I was born in Detroit, Michigan. My mother was not Muslim nor was she Christian. My father was a Mason and both never married. I don’t remember much of my life before I became Muslim but I got the feeling that it wasn’t what you would call a Muslim household. Around the age of six, my mother decided to convert to Islam with her three children. When I was growing up we had non-Muslim family member interaction, we had non-Muslim children coming to play with us, neighbors, grocery store clerks and the rest. Although, we did go to Jumah prayer every Friday, only one day out of the week we got interaction with other Muslims solely. The rest of the six days it was my siblings and I against the foreign world. My mom instilled certain Islamic traits throughout the day but after that we went and watched non-Muslims on TV. All these advertisements infiltrated our sponge like minds and shaped who many of us Muslims are today. We may not agree with it but it did have some effect on who we are in Islam.

2. Muslims Spend A lot of Time With Non-Muslims

I used to work a full time job. It was 44 hours per week. I was a manager at Walgreens Pharmacy. I spent anywhere from 8 to 10 hours per day there. I slept 8 hours per day and took an hour total to get to and from work. That left me about 5 to 7 hours of down time during those five days each week. The majority of my awake time had been spent at work, working and integrating with my non-Muslim colleagues. How does that make a person feel to spend the majority of their time working and fraternizing with people who have nothing in common with you? And because you’re the minority you try your hardest to be less like a Muslim and more like them due to the pressures of “fitting in”. They work and spend time with each other, why doesn’t a Muslim get that same feeling of unity in the workplace? Why can’t I pull another Muslim worker and say, “hey, let’s go pray on our lunch break?”

3. Wanting to Imitate to Fit In With the Rest

This coincides with the top example. We believe that if we fit in, it would be a lot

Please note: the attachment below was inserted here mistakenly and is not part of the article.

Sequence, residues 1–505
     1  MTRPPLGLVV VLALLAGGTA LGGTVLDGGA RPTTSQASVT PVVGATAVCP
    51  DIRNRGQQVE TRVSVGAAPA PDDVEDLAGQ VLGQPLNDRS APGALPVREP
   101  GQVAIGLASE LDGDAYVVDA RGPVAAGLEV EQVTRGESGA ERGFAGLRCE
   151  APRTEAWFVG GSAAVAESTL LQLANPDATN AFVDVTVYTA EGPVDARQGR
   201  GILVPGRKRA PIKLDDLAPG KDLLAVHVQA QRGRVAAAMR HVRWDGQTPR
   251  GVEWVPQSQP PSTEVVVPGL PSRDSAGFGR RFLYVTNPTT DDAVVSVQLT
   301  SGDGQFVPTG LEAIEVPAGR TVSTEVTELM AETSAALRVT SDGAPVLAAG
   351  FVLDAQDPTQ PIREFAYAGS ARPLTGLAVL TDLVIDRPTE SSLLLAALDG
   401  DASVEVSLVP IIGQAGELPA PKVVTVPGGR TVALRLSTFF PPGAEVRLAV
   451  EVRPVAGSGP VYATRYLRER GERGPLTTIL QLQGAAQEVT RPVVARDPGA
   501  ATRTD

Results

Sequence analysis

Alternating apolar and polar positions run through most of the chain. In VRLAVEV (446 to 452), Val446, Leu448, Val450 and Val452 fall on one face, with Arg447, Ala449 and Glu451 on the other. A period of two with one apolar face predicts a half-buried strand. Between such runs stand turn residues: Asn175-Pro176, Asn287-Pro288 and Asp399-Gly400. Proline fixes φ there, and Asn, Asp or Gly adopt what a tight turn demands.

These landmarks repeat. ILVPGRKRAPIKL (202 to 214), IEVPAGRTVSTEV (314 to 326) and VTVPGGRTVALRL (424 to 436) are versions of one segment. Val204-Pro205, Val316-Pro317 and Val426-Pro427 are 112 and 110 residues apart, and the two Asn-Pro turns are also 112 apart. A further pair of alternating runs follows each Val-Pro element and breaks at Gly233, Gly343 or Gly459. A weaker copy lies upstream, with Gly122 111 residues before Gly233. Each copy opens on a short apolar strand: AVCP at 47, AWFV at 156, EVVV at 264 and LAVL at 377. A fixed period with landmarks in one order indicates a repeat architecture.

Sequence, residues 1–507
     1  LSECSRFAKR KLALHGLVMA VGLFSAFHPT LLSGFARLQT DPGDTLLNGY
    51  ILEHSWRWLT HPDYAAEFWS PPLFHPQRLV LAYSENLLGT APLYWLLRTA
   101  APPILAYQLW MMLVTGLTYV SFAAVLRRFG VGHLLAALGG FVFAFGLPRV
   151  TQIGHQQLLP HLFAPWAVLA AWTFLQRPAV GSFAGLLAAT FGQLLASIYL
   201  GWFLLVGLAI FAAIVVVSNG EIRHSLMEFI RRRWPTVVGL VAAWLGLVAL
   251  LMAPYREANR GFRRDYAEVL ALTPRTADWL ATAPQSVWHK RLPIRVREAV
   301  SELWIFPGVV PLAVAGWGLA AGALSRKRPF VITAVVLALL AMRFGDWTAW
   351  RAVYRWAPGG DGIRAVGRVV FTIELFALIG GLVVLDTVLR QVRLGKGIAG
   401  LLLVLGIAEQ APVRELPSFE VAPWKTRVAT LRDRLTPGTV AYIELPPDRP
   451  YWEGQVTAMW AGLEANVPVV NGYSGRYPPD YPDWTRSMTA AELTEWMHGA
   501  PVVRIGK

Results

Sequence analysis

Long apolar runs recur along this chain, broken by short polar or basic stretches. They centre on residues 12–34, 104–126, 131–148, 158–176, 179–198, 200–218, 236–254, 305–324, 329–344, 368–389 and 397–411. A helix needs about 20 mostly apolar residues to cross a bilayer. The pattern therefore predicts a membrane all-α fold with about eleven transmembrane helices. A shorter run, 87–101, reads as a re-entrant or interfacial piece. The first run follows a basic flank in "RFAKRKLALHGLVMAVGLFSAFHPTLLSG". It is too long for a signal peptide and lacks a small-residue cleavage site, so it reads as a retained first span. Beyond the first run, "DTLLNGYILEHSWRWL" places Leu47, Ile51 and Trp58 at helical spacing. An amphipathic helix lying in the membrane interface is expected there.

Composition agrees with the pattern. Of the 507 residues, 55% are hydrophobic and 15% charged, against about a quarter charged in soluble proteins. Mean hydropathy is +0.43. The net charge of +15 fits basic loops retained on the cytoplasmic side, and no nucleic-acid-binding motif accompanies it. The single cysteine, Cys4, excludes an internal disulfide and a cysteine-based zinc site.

easier for us. But in reality we really just lose our identity. We are Muslim because we want to be. No one forced us to be this way. You don’t have to act like a Muslim. But if that is the case then why do you claim it? I see the little Muslim teens on their way to school and instead of them wearing the Islamic wrap they look just like the rest of the kids. And it hurts me because they do not dress this way at home or in front of their parents but feel the need to be accepted by the rest. Children do not know the implications of not practicing their religion at a young age. For them not to wear Islam like a proud badge of honor is a disgrace. The goal is not to separate Muslims completely from other people or religions but to reinforce the religion throughout the day by being around other Muslims. No one wants to feel like an outsider.

Being a Muslim is a great thing for me because I have access to so many resourceful people of many different backgrounds. They come from all walks of life and diversity excites me as it does others that strive to be a well rounded human being. Staying true to ones religion brings about pride and a sense of well being like no other. We all want to belong to someone; something and with Islam I can say that we all feel this way about our religion. No matter what situation we are in that maybe un-Islamic or how many death threats, weird looks or snickers we will stand strong because the only entity that we must please is God.